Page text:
Swipe to advance
photo of eczema on arm
12 / 13

Risk Factors

You’re more likely to get cellulitis if you:

  • Have a condition that can cause tiny breaks in your skin, like eczema, athlete's foot, or shingles
  • Live with diabetes or a weakened immune system
  • Have chronic swelling of your arms or legs (lymphedema)
  • Inject drugs
Swipe to advance
macro photo of blood cells and bacteria
13 / 13

Possible Complications

Early treatment makes it likely that you’ll get completely better without complications. But if you wait too long, a cellulitis infection could become more than skin deep. Bacteria can enter your blood, a condition known as bacteremia. And you can get much sicker from there. So play it safe and call or see a doctor at the first sign of cellulitis.

Swipe to advance

Up Next

Next Slideshow Title

Sources | Medically Reviewed on 02/04/2021 Reviewed by Debra Jaliman, MD on February 04, 2021


1)            Science Source

2)            Science Source

3)            Thinkstock Photos

4)            Thinkstock Photos

5)            Thinkstock Photos

6)            Thinkstock Photos

7)            Science Source

8)            Thinkstock Photos

9)            Thinkstock Photos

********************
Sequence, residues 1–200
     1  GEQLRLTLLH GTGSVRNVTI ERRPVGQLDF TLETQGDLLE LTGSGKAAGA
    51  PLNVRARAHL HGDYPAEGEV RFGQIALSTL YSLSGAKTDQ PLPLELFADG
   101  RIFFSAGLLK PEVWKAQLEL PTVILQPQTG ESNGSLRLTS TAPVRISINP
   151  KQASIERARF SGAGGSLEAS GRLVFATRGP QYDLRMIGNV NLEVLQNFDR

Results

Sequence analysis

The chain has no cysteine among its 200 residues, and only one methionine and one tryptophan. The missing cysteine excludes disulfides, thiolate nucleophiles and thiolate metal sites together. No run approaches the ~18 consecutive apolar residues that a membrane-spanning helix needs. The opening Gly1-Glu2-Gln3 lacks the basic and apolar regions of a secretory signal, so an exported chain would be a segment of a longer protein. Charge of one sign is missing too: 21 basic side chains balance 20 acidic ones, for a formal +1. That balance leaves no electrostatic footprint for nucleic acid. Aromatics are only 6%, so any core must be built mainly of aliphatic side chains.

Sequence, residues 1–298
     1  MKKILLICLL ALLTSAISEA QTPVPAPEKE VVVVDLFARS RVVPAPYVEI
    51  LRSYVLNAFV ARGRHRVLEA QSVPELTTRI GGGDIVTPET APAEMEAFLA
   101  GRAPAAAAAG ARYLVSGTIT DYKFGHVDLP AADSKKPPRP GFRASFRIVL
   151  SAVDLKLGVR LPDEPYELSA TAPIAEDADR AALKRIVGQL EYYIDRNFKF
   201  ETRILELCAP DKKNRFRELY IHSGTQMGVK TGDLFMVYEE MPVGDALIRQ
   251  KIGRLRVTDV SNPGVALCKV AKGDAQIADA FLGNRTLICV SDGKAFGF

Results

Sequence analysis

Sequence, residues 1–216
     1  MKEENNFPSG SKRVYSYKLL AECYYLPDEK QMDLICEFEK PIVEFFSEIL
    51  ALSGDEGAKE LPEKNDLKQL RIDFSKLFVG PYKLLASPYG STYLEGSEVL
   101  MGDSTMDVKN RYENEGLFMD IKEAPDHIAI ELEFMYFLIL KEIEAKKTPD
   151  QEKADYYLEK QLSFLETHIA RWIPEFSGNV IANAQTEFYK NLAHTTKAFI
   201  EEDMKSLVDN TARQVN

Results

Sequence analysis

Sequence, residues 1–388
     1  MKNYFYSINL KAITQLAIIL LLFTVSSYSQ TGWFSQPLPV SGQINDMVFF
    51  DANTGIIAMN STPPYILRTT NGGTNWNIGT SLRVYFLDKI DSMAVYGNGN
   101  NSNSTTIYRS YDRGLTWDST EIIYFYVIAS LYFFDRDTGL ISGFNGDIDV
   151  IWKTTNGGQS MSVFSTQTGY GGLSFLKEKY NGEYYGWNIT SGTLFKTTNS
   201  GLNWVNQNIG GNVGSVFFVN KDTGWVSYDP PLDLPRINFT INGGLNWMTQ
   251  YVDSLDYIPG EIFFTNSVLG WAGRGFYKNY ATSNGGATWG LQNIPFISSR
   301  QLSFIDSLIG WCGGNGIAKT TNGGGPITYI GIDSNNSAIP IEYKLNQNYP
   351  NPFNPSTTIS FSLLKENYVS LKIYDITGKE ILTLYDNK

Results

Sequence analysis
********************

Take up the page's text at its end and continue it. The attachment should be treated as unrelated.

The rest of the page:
10)         Thinkstock Photos

11)         Thinkstock Photos

12)         Thinkstock Photos

13)         Science Source



Mayo Clinic: “Cellulitis,” "Cellulite.”

UpToDate: "Skin and soft tissue infection (cellulitis) (Beyond the Basics),” "Cellulitis and skin abscess: Clinical manifestations and diagnosis,” "Panniculitis: Recognition and diagnosis.”

U.S. National Library of Medicine: “Cellulitis.”

Dermatologic Therapy: "Cellulitis: diagnosis and management.”

American Academy of Dermatology: “Stasis dermatitis,” “Contact dermatitis.”

Merck Manual: “Cellulitis.”

Reviewed by Debra Jaliman, MD on February 04, 2021

This tool does not provide medical advice. See additional information.

THIS TOOL DOES NOT PROVIDE MEDICAL ADVICE. It is intended for general informational purposes only and does not address individual circumstances. It is not a substitute for professional medical advice, diagnosis or treatment and should not be relied on to make decisions about your health. Never ignore professional medical advice in seeking treatment because of something you have read on the WebMD Site. If you think you may have a medical emergency, immediately call your doctor or dial 911.